A great book: funny, wicked, tragic
Bolder and funnier than Look Who's Back
Satirical, sharp, believable . . . Brilliant
An outlandish, take-no-prisoners satire that skewers timid politicians, greedy TV executives, and the general public's thirst for global meaning disguised as entertainment. Its plotting is crisp, fast-moving, and entertaining.
The prospect that nearly half a million people are going to show up at the German border becomes a real one. Can they be bought off? Sabotaged? Mowed down? Can a fence be built? Electrified? And how will all this play with the folks back home? The novel starts to acquire a deeply involving game-theoretical aspect . . . [W]ith whizz-bang energy and gleeful imaginative savagery. His achievement is to make this exodus, and the shaming hypocrisy of western reactions towards it, seem altogether plausible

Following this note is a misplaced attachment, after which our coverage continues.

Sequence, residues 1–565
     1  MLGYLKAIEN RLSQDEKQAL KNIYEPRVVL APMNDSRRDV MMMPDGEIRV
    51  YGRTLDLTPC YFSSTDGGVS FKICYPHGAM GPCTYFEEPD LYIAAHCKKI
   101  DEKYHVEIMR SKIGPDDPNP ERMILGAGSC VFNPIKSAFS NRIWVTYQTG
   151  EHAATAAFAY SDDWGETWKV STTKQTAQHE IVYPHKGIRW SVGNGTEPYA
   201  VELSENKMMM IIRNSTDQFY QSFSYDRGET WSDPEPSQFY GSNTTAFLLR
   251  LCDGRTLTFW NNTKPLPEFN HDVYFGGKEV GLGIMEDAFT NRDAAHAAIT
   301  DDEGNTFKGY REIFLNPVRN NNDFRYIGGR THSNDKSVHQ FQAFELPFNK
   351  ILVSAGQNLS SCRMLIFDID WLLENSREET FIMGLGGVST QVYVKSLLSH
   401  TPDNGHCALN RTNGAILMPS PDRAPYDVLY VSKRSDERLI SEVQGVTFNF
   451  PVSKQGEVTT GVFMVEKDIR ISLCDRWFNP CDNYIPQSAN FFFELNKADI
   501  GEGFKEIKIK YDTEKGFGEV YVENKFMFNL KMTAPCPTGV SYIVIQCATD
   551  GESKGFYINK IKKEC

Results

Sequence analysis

Vermes' ingenuity keeps the pages turning . . . there are powerful insights into the lives and longings of refugees that make this more than mere satire. It's a book that engages deeply.